>> President Donald Trump's, first ever, summit with Vladimir Putin next week, might seem one of the most daunting and encounters of his presidency so far, but apparently Trump doesn't see it that way. As he left the White House for a week long trip to Europe, Trump said, compared to his planned meetings with NATO leaders he's clashed with, and protests awaiting him in the UK, facing the perennial US rival may be a relative walk in the park.
>> So I have NATO, I have the UK which is in somewhat turmoil, and I have Putin. Frankly, Putin may be the easiest of them all, who would think?>> On Tuesday, European Counsil President, Donald Tusk, delivered a sharp rebuke to Trump, who has scolded NATO allies for not spending more on defense.
>> The America appreciate your allies, after all, you don't have that many.>> The July 16th meeting with Putin comes at a time when US-Russia ties, by Trump's own account, have fallen to one of the lowest points since the Cold War. Battered by Russia's alleged meddling in the 2016 elections, which Moscow denies, its intervention in the war in Syria, the 2014 annexation of Crimea, and the nerve agent poisonings in the UK which Russia also denies.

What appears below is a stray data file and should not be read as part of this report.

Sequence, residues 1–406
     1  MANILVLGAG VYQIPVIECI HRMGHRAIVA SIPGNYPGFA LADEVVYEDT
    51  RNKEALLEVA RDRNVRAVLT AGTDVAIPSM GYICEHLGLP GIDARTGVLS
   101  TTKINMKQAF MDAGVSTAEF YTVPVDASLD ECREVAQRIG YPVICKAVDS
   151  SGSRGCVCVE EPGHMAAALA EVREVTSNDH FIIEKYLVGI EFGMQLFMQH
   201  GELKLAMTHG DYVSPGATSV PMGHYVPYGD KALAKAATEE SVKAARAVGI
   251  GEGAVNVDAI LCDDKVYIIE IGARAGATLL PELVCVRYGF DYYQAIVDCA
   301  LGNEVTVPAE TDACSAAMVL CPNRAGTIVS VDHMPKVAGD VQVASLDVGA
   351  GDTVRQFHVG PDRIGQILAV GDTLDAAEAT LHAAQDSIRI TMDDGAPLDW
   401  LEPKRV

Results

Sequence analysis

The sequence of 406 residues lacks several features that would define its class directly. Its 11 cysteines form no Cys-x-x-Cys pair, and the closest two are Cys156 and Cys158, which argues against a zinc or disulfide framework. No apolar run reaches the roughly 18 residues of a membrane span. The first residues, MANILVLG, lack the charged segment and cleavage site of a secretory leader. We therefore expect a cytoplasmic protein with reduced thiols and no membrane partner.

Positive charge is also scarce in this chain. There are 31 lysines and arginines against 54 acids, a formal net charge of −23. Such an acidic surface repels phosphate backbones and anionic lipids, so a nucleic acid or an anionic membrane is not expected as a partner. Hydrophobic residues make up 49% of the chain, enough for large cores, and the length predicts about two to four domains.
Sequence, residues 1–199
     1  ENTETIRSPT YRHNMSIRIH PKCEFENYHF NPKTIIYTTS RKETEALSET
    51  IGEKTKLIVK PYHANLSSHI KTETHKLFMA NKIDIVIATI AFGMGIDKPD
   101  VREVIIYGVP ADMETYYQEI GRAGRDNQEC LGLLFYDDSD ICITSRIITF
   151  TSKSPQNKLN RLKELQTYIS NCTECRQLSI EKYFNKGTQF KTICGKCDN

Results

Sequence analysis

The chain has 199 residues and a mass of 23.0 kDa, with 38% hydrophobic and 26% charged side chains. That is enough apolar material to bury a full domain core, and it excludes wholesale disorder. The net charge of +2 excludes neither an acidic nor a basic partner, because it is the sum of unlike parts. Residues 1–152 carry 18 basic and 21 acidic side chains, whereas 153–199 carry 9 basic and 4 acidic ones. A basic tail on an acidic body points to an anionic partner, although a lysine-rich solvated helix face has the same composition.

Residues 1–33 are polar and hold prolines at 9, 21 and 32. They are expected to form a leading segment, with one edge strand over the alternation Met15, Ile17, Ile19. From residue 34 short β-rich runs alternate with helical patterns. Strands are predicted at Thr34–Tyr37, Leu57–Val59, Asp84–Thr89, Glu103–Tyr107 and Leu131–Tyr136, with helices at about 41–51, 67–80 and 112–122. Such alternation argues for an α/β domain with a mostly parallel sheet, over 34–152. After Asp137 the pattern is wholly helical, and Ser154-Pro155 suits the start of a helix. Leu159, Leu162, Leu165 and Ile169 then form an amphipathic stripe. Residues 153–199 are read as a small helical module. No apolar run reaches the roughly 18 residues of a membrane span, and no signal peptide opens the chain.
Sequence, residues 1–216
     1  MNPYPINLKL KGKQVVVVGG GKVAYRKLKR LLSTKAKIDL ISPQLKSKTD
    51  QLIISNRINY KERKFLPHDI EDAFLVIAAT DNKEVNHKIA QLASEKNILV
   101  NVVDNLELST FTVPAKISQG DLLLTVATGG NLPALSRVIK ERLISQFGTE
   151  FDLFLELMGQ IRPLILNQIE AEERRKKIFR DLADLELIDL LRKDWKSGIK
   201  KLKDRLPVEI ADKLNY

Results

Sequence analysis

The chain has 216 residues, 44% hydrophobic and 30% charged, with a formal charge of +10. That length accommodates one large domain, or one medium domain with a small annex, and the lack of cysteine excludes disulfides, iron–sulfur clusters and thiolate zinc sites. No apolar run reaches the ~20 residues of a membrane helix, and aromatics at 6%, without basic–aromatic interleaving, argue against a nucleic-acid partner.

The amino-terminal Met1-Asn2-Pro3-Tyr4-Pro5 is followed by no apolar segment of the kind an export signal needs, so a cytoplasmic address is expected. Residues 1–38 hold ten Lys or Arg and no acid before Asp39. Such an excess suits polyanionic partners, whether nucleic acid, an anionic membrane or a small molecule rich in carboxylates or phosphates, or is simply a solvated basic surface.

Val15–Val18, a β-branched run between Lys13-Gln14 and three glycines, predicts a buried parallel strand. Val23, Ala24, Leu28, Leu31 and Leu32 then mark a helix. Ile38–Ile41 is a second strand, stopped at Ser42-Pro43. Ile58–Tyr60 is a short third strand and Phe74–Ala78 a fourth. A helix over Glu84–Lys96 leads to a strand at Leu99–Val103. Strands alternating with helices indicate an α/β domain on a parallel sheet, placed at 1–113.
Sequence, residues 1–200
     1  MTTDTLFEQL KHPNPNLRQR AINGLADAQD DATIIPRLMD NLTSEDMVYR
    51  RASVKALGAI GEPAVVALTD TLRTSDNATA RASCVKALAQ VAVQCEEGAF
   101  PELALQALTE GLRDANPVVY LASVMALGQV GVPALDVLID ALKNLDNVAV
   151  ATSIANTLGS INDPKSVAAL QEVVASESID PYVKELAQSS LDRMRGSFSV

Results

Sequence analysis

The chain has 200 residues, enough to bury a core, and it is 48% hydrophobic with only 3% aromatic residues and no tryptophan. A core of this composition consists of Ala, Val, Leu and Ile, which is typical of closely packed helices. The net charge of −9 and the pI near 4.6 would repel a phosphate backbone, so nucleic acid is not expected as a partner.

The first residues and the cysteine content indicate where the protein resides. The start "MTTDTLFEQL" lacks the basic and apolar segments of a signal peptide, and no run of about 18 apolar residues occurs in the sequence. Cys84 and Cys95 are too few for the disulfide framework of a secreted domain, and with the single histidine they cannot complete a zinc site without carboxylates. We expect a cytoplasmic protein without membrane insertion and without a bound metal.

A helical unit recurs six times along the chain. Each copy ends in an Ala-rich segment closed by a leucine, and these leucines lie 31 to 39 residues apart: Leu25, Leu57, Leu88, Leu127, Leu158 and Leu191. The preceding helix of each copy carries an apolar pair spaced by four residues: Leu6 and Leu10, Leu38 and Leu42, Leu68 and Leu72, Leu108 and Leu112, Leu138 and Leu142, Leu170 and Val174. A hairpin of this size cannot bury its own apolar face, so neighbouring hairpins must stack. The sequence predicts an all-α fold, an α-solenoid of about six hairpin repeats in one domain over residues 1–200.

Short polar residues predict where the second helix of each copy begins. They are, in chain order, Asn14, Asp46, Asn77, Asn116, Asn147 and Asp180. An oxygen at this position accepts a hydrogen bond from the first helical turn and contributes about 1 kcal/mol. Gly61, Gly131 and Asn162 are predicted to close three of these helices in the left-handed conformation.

Despite all of that, Trump, who's often praised Putin, on Tuesday declined to call Russia an American enemy.>> As far as I'm concerned, a competitor. The competitor.>> On Monday, the New York Times reported that Trump had called some of his own aids stupid in a phone call with Putin after the Russian leader's re-election in March.
Trump made the comment after Putin reportedly complained that Trump's aids had tried to prevent the two leaders from talking, telling Putin quote, those are stupid people, you shouldn't listen to them. As Trump arrives in Brussels ahead of the NATO Summit, America's European allies are hoping he will listen to their concerns about Russia, which they view not as a competitor, but is a growing threat to their security.